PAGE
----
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OMURICE yukimi morimoto

2019 | 6-3 | Next House

Ingredients rice (Asian rice) : 1+1/4 cups (~230 ml) egg: 4 (doesn’t matter what kind of egg) mixed vegetables (frozen corn, carrots, peas or similar vegetables mixed together. If there’s nothing like this, just carrots, peas, and corn separately are fine.): ~50ml onion: 1/3-1/2 bacon: 3-4 slices ketchup (half a bottle’s definitely enough.) milk: ~2 tablespoons butter: just a little bit salt pepper, sugar, cooking oil (just a little bit each) 1. Cook rice normally, then mix it with cooked veggies, bacon, and ketchup on a pan. 2. (Add salt pepper) cook egg with a bit of milk in it on a pan separately. (Using butter makes the latter part easier). Leave the inside raw. 3. Put egg on rice. Cut the egg while it’s hot and cover the whole rice.

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PUMPKIN PORRIDGE katya bezugla

2022 | 6 ? 16 ? 12 ? | Random Hall

Ingredients pumpkin (orange) sugar milk (whole) cup of rice

1. Cut off pumpkin top and gut it (save the seeds for roasting!) 2. Chop pumpkin in 1-1.5 inch-ish cubes 3. Put cubes in pot and cover with milk (if you stick your finger in, you should hit the pumpkin by the time your first finger joint is covered in milk). 4. Mediumish heat until pumpkin is sorta doneish. 5. Add rice and sugar and cook until it tastes cooked. Notes: use a regular orange pumpkin and whole milk !! Non-whole milk is a blight to our society.

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OATMEAL COOKIES shiloh curtis

2020 | 6-2 | East Campus

Ingredients 3 cups oatmeal 1 stick butter 2 cups sugar 1/2 cup milk 1/3 cup cocoa powder optional tsp or so of vanilla

1. Put everything except the oatmeal in a pot on medium heat. 2. Bring to a boil, stirring to combine ingredients. 3. After boiling for 3 minutes, turn off the heat and stir in the oatmeal. 4. Drop chunks of this mixture onto a baking sheet, sheet of parchment paper, or other reasonably food-safe flat surface, and wait for them to solidify.

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BANANA COOKIES kaitlyn hennacy

2020 | 10 | New House 5 (Desmond)

Ingredients Makes 2 dozen cookies 1 cup unsalted butter 1/2 cup white sugar 1 cup brown sugar 3/4 tsp banana extract 2 eggs 2 2/3 cup flour 1 tsp salt ½ tsp baking powder ¼ tsp baking soda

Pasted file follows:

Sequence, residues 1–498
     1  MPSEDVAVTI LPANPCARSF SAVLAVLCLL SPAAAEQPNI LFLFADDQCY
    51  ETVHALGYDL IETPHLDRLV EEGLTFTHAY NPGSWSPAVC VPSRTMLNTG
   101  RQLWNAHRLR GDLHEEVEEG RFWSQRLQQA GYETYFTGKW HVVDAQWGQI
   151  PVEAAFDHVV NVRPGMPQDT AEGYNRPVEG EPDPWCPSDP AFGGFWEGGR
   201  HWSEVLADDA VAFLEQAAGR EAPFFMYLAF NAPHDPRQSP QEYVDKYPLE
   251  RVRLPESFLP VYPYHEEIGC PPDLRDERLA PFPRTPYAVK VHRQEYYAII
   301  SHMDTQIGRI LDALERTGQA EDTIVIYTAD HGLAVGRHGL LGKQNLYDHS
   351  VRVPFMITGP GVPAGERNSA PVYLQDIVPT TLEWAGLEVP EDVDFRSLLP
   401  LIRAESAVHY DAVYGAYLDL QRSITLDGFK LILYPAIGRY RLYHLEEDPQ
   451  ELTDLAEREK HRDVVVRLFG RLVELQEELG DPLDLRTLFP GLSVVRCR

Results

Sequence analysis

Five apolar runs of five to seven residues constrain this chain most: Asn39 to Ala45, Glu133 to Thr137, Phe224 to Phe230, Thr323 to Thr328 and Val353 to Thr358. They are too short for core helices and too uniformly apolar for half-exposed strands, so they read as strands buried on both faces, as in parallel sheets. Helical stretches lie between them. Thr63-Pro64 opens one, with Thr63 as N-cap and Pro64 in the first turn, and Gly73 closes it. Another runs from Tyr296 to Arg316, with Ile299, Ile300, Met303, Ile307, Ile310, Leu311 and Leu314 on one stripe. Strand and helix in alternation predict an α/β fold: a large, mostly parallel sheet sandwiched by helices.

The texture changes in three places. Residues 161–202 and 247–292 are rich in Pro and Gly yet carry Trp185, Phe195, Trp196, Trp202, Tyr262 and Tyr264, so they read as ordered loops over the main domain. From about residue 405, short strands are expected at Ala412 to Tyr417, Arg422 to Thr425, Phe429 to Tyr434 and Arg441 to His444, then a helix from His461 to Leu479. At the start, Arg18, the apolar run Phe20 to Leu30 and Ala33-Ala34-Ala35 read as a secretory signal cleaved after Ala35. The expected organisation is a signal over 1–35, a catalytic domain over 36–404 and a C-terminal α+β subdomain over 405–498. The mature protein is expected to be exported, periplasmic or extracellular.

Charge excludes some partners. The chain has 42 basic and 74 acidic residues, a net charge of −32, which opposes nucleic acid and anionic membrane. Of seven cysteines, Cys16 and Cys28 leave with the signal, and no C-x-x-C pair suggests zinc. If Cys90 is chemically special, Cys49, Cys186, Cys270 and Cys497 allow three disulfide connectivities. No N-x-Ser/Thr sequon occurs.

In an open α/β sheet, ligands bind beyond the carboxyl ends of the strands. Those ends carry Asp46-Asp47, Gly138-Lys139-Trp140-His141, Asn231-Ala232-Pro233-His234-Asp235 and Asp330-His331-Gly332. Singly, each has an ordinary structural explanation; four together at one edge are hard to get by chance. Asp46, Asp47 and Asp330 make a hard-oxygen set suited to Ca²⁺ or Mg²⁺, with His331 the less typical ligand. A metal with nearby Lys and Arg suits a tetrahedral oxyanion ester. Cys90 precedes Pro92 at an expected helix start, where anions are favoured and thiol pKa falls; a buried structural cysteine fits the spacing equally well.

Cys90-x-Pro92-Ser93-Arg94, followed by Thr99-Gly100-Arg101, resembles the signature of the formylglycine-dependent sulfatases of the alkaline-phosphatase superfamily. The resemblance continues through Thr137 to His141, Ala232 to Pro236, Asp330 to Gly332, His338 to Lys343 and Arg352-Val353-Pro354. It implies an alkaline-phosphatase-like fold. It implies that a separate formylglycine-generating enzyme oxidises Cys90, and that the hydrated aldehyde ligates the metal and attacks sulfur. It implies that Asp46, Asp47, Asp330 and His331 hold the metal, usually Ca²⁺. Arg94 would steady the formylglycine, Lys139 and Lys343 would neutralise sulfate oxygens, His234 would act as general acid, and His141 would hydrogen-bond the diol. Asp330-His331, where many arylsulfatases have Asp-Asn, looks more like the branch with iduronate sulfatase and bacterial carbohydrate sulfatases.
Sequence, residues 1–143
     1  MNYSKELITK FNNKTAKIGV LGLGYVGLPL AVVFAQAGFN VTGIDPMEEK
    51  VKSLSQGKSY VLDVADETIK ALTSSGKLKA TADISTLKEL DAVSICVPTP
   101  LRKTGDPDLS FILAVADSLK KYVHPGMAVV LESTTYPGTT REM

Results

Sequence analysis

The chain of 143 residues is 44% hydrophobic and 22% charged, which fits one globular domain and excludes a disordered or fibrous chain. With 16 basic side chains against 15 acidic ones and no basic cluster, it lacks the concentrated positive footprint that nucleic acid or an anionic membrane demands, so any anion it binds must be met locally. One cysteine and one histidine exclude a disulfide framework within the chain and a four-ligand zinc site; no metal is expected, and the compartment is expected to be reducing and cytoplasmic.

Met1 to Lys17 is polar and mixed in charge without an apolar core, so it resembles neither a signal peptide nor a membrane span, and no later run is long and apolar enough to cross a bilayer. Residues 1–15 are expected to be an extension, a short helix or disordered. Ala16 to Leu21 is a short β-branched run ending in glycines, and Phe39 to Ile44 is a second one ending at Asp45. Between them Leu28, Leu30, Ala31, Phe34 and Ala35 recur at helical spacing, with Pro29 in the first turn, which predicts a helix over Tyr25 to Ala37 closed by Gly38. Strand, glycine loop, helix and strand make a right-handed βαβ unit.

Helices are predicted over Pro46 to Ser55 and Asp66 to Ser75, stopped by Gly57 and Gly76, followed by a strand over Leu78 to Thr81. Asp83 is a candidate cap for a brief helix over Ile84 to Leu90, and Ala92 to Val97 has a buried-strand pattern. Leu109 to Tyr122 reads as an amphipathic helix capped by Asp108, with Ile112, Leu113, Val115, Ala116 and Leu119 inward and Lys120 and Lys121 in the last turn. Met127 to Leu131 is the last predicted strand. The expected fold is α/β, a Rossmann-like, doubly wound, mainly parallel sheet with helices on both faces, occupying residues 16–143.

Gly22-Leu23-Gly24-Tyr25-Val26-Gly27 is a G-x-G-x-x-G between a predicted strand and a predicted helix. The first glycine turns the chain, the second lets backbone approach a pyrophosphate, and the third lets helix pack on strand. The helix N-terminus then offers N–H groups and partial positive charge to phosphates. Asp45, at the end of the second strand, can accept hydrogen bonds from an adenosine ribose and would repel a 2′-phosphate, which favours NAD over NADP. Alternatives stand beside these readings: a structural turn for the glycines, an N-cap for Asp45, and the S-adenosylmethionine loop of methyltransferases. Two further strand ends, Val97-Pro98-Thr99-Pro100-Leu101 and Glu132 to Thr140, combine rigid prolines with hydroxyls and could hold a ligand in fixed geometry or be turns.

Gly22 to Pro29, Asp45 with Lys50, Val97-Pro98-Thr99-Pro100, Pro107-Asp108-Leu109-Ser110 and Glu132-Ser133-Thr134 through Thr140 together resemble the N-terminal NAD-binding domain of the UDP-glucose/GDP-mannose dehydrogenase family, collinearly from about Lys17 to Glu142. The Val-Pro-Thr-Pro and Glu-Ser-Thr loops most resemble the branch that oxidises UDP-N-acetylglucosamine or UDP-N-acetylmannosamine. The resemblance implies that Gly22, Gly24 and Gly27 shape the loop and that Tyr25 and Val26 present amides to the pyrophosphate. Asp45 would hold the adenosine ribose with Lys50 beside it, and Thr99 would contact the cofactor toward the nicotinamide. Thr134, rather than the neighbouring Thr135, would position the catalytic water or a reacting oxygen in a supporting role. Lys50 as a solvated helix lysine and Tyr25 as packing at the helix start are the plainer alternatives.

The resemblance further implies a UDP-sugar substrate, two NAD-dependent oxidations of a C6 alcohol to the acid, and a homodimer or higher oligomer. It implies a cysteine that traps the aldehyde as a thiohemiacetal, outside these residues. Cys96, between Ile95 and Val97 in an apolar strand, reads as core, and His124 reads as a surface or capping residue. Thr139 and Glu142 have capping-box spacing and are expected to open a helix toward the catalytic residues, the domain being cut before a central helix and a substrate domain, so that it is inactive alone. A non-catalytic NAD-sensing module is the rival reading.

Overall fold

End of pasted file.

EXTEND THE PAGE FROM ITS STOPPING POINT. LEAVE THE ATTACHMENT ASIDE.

1. Cream together the butter, sugars, and banana extract until pale and fluffy. 2. Beat in the egg. 3. Using a large spoon or rubber spatula, mix in the flour, salt, baking powder, and baking soda. It’s best if you refrigerate the dough for 30 minutes or longer before baking. 3. Preheat the oven to 375 degrees Fahrenheit. Drop tablespoons of dough onto a parchment-paper-lined or greased baking sheet. 4. Bake for 10-12 minutes. 25


CHOCOLATE CHARLOTTE lara shonkwiler

2021 | 6-1 | New House (French House)

Ingredients 20 dkg icing sugar 20 dkg butter 6 eggs 1 pint whip cream 3 oz dark chocolate, melted ladyfingers, prob ~2-3 packets, but depends on what type you get milk (enough to soak ladyfingers in, prob ~1-2 cup) rum extract (because we don’t use a l c o h o l)

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1. Separate the eggs. 2. Whip the egg whites until stiff. 3. Cream the sugar and butter together in a separate bowl. 4. Add egg yolks one at a time until well incorporated. 5. Stir in melted chocolate with mixer beating quickly. 6. Whip all the cream. 7. Incorporate half of whipped cream into chocolate mixture. 8. Fold in egg whites. 9. Make a milk (+rum) mixture into a dish. 10. Soak each ladyfinger in milk for 2-5 seconds. 11. Place in springform pan: line the edges and the bottom with ladyfingers. 12. Add chocolate mixture in the middle. 13. Add another layer of ladyfingers. 14. Add a tablespoon of icing sugar to remaining whipped cream and spread on top of ladyfingers. 15. Place plate under springform pan to catch leaking milk and place in fridge for ~1-2 hours. 16. Remove springform pan before serving. 27


BC APPLE BAKE burton conner